It was a Friday afternoon just like every other one we’ve had. As we made our way in from the garage, I juggled the contents of our pool bag as my 2-year-old daughter ran to the bathroom, insisting she didn’t need my help. Two minutes later, I was in the bathroom on hands and knees attending to a potty accident, feeling frustrated. Ahh, toddler life. While cleaning up the bathroom, I heard the beginning of the 75th sibling battle of the day forming in the next room. She had found a way to push her big brother’s buttons, and she wasn’t going to give it a rest. My four-year-old son angrily screamed that his sister was stepping on his monster trucks, his most prized possessions.
I could hear the scenario escalating. With weak optimism, I suggested she join me in the bathroom instead of “playing” with big brother. No answer. More screaming. Still cleaning up pee. With building desperation, I reminded my son that she’s just two, she won’t hurt the trucks. More screaming.
The sound I heard next is hard to describe but instantly recognizable. After a struggle between them, my son had thrown a monster truck at her, hitting her head. And then…silence.
This event was followed with a blur of “sorry” and “it’s her fault” coming from big brother as I flew to my feet and out of the bathroom. She walked toward me, arms outstretched, horrified at the injustice of it all and surely in pain. Sweet girl. I swooped her up and began my usual routine of hugging and kissing the pain away.
We stood in the bathroom doorway, we walked over to the window, I sat her on the counter to take a look. Just waiting for her to take a breath and let it all out in that first cry. But with every second that passed, her face was just frozen, eyes and mouth wide open. Body stiff. Arms waving in panic. The next 10 seconds or so were a blur of confusion and fear on my end.
She’s never gone this long without breathing. Is she choking? How can I help her? What do I do next?
I began blowing in her face, melting into a paralyzing moment of fear. Her sweet little face was quickly turning blue, and her body started to move erratically. The very next second, her body went completely limp in my arms. Her entire upper body flopped back, and she wasn’t moving at all. My son screamed in horror, having never seen her like this before. It’s hard for me to describe the wild panic that filled me when I saw her body give up like that. I wouldn’t wish it on any parent.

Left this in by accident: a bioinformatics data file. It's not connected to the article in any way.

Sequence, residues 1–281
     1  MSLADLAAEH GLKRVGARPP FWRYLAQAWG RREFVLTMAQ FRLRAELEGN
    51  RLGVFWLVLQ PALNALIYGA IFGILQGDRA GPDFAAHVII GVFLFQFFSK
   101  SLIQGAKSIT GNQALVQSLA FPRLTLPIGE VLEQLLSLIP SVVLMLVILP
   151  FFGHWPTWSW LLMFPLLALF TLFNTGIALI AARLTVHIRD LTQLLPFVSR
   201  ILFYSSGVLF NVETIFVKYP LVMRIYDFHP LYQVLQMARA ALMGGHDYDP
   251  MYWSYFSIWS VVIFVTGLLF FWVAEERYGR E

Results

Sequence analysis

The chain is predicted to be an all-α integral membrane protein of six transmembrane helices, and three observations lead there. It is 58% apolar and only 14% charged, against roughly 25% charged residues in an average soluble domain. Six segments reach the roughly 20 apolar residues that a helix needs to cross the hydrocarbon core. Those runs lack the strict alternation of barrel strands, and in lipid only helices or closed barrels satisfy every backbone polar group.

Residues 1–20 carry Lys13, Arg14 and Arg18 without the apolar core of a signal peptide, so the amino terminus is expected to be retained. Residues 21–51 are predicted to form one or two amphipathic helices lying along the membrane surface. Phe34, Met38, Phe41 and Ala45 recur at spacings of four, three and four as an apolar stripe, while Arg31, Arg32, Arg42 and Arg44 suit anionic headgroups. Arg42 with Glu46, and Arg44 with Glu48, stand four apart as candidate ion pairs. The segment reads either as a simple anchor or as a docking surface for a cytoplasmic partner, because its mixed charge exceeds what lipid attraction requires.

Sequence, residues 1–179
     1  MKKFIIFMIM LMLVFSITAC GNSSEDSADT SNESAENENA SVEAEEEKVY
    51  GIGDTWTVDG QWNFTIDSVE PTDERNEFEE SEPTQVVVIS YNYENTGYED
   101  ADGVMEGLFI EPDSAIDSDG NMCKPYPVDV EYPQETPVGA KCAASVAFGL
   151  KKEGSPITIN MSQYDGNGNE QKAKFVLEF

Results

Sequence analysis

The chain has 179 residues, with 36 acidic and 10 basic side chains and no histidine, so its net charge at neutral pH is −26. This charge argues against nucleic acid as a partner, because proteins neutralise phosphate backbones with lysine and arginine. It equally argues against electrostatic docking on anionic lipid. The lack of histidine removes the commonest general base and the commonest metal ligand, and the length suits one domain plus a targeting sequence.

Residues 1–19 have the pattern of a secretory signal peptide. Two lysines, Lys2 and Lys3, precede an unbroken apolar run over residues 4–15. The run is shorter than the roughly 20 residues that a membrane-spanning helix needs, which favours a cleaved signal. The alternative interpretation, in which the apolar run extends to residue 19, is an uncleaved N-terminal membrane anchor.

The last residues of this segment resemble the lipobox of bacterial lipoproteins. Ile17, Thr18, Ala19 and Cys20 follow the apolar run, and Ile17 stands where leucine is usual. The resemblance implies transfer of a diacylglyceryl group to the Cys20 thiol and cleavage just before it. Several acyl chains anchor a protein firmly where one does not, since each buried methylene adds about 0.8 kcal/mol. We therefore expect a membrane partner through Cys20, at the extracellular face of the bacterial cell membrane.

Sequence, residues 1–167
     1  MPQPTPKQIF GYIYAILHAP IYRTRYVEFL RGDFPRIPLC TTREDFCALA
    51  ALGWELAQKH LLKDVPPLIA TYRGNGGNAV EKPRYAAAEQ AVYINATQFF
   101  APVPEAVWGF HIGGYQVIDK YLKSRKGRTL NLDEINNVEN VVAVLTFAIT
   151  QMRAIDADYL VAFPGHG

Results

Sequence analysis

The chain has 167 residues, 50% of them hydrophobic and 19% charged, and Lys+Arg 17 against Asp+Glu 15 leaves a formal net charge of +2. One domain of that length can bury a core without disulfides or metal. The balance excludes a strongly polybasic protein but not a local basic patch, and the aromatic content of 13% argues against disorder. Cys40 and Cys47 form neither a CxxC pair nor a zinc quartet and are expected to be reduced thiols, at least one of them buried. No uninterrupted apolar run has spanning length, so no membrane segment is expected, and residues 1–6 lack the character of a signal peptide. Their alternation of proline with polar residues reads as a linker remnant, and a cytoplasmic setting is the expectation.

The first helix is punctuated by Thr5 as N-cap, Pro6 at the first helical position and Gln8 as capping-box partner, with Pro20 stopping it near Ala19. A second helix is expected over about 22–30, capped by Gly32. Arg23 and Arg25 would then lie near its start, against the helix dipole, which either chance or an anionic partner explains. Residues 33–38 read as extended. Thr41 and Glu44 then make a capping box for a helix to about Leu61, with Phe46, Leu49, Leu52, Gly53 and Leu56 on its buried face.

When motherhood surprises you with a moment like this, your response is not one you choose. It’s predetermined, it’s in your gut. There I was alone in my house with my two babies, one of which was unconscious. The weight of her dependence on me had never felt so heavy. Every second felt like a blurry, out-of-body nightmare.
My gut told me to find another adult to get me through this. I remembered waving to my neighbor as we pulled in, no less than five minutes earlier. She was out in her front yard with her kids. I squeezed my little girl tight and told my son we were running to get help. I grabbed my phone because if I didn’t see her face as our garage door opened, we were onto 911 next.
There she was, as the door opened (too slowly, it seemed). I ran, holding a limp little girl, screaming for her help. Mothers can recognize panic from a million miles away. She ran to me, her own baby in hand, ready to take on whatever news I had for her. In all my years, I won’t forget her helping me through that moment. As I began explaining myself in breathless chaos, my sweet little girl came to. Sleepy and confused, she burst into tears and so did I. When you’re faced with a child emergency, there’s no time for tears. Everything I did in those two horrible minutes was a function of survival. There’s no room for your own emotions when your baby is in danger. I sat in my neighbor’s driveway, sobbing as it all sank in for me. Big brother next to us, our dog four houses down because I left the door wide open. Just holding my girl, and thanking God it was over.
It took me a week, a trip to the doctor, and a handful of nightmares to get over that first time. It’s happened to us twice since then, neither of which have been any easier. Just, more prepared for. In my discussion with our doctor and extensive online research, I’ve been reassured that a child’s body knows exactly when to faint. Whether they’re holding their breath out of anger or crying, when they need to breathe, their bodies know what to do. The moment she went unconscious, she began to breathe. I was told again and again that there really was no damage done to her, just to mommy’s heart.
I share this story because I wish I were more informed on the nature of breath-holding spells before it happened to us one Friday afternoon. No parent is ever prepared to see your child lose consciousness. From the minute we become parents, our bodies are hard-wired to protect our children from every possible danger. To save the day in every scenario. It’s a scary job, raising a child.
In the event you experience a breath-holding spell with your child, experts at kidshealth.org advise the following:
- Stay calm. In most cases, there is nothing you need to do but wait for your child to regain consciousness.
- Lay your child flat in a clear, safe space.
- Check your child’s mouth for food or any other object that could cause a choking hazard.
- If your child does not regain consciousness within one minute or remains blue, call 911.
Note: As always, contact your doctor and talk through what happened. These spells are an involuntary response to strong emotions like being angry, scared, or frustrated. They tend to occur in healthy children. Your doctor can help you understand what triggers a spell in your child, how to prevent future spells, and how to deal with them if they do happen.